Last night, the world lost one of its best people. My grandma, Christina Richards, was...well...it's hard to find words. She lived by the words of two books, The Bible and The Power of Positive Thinking. I think that's the magic combination that allowed her to live, against all odds, until she was almost 97.
As I looked through the pictures of I have of her, I was disappointed to find they're all from the last few years (since I've had a digital camera), and do not show the woman I remember. Grandma didn't always sit in a wheelchair, oxygen tank and old-lady sweater ever present. Grandma didn't always look like she was about to blow away.
Grandma with Hannah and Lydia
Looking back, the Grandma I think about is the one who used make the best after school snacks: strawberries dipped in powdered sugar, marshmallows melted in the toaster oven, and ice cream bon bons.
Grandma, Dad, and me at Grandma's 80th birthday in 1996
I think of the 82 year old who willing took me into her house when I was a teenager, making pancakes for supper, driving me to football games, and patiently sitting by while I spent hours on the phone trying to negotiate school dances. (Can you believe she never said a word? That must have taken some restraint.)
Richards family reunion in the early 90s
I think of the woman who, every time we went out to eat in our small hometown, had someone come over to our table and remind her that she was their seventh grade teacher. Or that they used to work for her at the family-owned Dairy Queen. Grandma knew everyone in town. She knew my friends' grandparents, and called my teachers by their maiden names.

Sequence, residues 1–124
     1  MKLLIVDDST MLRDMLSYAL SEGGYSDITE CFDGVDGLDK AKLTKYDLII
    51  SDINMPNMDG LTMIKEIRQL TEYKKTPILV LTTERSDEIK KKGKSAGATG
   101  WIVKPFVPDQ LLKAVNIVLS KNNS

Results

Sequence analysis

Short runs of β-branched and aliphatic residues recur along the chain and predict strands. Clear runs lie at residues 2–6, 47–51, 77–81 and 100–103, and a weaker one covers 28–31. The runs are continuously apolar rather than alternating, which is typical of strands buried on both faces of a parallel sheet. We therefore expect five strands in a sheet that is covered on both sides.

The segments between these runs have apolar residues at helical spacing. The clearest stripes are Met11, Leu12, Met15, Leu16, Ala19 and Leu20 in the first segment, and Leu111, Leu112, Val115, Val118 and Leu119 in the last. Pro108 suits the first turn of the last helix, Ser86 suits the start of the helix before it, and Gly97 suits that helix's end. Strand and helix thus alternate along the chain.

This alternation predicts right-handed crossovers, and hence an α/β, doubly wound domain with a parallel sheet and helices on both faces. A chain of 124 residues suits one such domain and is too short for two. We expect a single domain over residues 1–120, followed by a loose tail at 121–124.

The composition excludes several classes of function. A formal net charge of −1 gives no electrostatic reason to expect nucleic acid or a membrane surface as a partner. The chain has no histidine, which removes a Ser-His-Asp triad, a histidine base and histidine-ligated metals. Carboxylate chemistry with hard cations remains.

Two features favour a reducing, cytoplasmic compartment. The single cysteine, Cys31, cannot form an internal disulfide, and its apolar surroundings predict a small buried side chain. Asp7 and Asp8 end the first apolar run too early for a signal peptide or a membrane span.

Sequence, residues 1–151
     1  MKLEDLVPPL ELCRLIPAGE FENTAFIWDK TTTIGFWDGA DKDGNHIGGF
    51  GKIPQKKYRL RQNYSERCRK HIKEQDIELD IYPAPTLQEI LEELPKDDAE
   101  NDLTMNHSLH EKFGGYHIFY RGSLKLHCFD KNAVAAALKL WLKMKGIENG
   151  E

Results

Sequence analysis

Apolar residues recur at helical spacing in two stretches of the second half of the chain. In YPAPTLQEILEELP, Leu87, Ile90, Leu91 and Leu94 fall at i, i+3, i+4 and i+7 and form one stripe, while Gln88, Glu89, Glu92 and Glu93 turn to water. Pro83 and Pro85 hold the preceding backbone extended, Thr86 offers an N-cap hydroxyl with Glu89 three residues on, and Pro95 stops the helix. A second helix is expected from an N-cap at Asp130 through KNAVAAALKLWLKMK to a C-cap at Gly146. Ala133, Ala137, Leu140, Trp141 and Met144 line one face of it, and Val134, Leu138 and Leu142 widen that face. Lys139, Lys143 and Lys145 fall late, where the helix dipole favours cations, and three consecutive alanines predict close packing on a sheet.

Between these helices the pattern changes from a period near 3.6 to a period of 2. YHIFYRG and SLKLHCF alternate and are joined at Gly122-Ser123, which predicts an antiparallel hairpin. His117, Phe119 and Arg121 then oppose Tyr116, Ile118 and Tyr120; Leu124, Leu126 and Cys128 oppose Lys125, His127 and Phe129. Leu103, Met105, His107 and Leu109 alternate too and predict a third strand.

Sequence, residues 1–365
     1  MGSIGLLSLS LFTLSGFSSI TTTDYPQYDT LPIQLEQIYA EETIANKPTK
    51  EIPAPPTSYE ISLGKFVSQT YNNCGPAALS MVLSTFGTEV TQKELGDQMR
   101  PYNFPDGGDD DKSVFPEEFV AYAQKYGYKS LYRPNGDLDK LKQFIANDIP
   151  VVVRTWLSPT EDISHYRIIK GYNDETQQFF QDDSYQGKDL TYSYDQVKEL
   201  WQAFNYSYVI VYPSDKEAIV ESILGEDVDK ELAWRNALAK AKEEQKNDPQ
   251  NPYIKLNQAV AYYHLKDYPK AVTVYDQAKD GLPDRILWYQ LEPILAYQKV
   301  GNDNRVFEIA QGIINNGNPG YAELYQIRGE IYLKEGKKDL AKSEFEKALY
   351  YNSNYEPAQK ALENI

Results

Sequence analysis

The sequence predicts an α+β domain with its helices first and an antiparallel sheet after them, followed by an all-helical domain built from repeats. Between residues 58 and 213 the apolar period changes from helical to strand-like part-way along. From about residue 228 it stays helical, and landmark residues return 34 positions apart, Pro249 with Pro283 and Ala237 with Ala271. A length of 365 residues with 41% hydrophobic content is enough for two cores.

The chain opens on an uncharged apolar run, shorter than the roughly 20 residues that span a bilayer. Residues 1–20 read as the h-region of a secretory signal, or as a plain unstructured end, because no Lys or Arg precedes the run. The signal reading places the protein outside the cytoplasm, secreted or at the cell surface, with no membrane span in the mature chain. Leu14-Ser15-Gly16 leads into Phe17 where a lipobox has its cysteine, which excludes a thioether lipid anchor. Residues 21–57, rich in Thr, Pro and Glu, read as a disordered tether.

Grandma and her BFF, Jean at Grandma's 90th birthday
I think of her telling me I could be excused from washing the dinner dishes if I would practice the piano while she washed up. (Worked every time, by the way.)
When I was small, and we'd go to Grandma's house for Sunday supper, she would always make a pan of Pillsbury rolls. I'd eat as many as my mom would let me get away with - three or more. Grandma would pat her tummy and say, "Look at all these rolls." I'd think if I ate enough rolls, I'd have a wonderful soft tummy just like she did. (That worked too.)
More Richards, at Jonathan's and my wedding
I think about when Jonathan were in need, she opened her home to me again, this time with husband and 6 month old Hannah in tow.
Grandma and Hannah, the first time they met
And by now, she was in her 90's. But what a wonderful person to share the first months of our baby's life with...Grandma was there the first time Hannah rolled over,
Some of Hannah's first steps
for the first tentative steps across the living room, and for those precious first words. Hannah thought Grandma's walker was there for her amusement, and knew that Grandma would give her sips from her own cup, always filled with ice water.
My grandma taught me the power of daily prayer and Bible study. Quietly and unassumingly, she showed me the important roll faith plays in one's life.
Jonathan's and my graduation from seminary
She showed me the importance of being surrounded by church community; that you can't do it alone.
Grandma's pastor and the two of us at my ordination as a minister
More than anyone else, Grandma planted in me the seeds of faith that have flowered into a vocation of ministry. What a gift to give, and I thank her for it.
You fought the good fight, Grandma. You finished your race. You kept the faith. And now you're home.